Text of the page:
A bigger mystery than the returnees on Resurrection: why anybody at ABC thought a subpar version of Happy Endings would do better behind Modern Family than the original, particularly after the similarly young-skewing Super Fun Night flopped in the fall. Mixology is being completely rejected by the Modern Family audience, with more than 50 percent of Modern viewership changing the channel. And here’s a fun fact: Despite having demo juggernaut Modern in front of it, a recent episode of Mixology notched a lower rating among viewers under 50 than the super-old-skewing 20/20 did on Friday, even with DVR viewership tallied. We’d say the show is sure thing for cancellation, but ABC execs love the show and seem impervious to logic when making programming decisions.

Rake (Fox)
It’s not canceled, at least not officially. But it’s been pulled from the Fox lineup after flopping on both Thursday and Fridays. It will not be renewed.

Resurrection (ABC)
After a shockingly strong start, the ratings for ABC’s life after death drama have, like the main characters, come back to earth. And yet, even at reduced levels, last Sunday’s episode outrated everything else on the network that night. Compared to everything else to launch this year, Resurrection is a breakout hit. Add in strong DVR numbers and the disastrous performance of almost all of the net’s other new dramas this season, and renewal is virtually guaranteed.

Suburgatory (ABC)
Disappointed that this show didn’t do better than it did behind Modern Family last season, ABC execs punished it by slashing its episode order and keeping it off the air for nearly nine months. The result? Its ratings are, predictably, down (at least in demos; among all viewers, numbers are steady). But Suburgatory is still holding on to more of its lead-in than last fall’s replacement series, Back in the Game. Oh, and by the way? While it lost a big chunk of the Modern Family audience when it aired at 9:30 p.m. Wednesdays last season, Super Fun Night and Mixology have performed even worse. ABC should renew Suburgatory for a full season and spend some time trying to find new viewers (marathons on ABC Family, perhaps?). But given the net’s propensity for deluding itself into thinking Something Better is just around the corner, it’s impossible to know what it will decide.

Sirens (USA)
USA Network’s first big foray into first-run comedy since acquiring reruns of Modern Family has done … okay. Airing Thursdays at 10 p.m. behind the modestly rated Suits, the show has pulled a respectable audience by cable standards: 1.5 million viewers (including DVR replays) after five weeks. In terms of demos, though, the show seems to be skewing a bit older, though it’s been adding younger viewers since its debut. Last week’s episode also ticked up from the most recent outing, a good sign for newer shows. Since USA has no recent history with comedies, it’s hard to say whether these numbers will be enough to bring a renewal. The network will likely wait to see how another new comedy, Playing House, performs when it debuts at the end of this month. Either way, this seems a good spot to suggest that we’re pretty certain USA would be doing better luring younger viewers with its comedies had it gone through with a plan to pick up Happy Endings from ABC. And yes, we’re still not over it.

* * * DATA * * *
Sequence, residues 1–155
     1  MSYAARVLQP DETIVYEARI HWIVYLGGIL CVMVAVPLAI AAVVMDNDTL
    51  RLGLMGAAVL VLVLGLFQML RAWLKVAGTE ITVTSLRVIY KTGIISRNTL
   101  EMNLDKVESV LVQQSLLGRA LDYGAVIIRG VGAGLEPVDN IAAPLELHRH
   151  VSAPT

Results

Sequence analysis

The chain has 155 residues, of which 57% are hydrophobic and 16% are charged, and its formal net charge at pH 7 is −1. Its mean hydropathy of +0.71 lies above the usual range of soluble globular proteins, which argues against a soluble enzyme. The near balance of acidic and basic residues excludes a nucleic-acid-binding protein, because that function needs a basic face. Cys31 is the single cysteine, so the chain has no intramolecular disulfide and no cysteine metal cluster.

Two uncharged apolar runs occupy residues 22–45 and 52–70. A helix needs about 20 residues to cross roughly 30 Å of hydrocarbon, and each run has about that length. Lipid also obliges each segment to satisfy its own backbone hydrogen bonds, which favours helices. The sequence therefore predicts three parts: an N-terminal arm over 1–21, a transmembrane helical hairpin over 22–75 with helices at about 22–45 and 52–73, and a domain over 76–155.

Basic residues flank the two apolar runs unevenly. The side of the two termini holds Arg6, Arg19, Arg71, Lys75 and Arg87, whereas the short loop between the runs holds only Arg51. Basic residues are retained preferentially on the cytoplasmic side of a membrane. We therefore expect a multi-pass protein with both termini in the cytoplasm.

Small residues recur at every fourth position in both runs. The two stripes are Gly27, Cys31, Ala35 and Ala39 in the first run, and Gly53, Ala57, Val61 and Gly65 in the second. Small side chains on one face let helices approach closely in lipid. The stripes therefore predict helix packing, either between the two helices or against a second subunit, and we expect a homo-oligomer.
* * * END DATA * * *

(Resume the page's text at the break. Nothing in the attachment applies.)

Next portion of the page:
Those Who Kill (A&E/Lifetime Movie Network)
Cable has long been known for its patience in launching shows, its willingness to stick by things it believes in even when ratings are low. Well, not anymore. A&E went all-out to give this Chloë Sevigny–led crime drama a chance, moving Bates Motel to 9 p.m. on Mondays to serve as its lead-in and putting a decent amount of marketing muscle behind the launch. But the show’s first episode lost more than half of that Bates lead-in, while its second lost nearly two thirds. A&E pulled Kill after just two weeks, announcing later that it would burn off the remaining hours on sister channel Lifetime Movie Network. Those Who Kill will not kill again. (Unless, of course, Netflix somehow decides to pick up a new season and pair it with The Killing. Okay, that’s not gonna happen.)

* An earlier version of this story included a mention of History's Vikings. We said it would definitely be renewed. Turns out it already has!

Photo: FX, FOX, TBS and NBC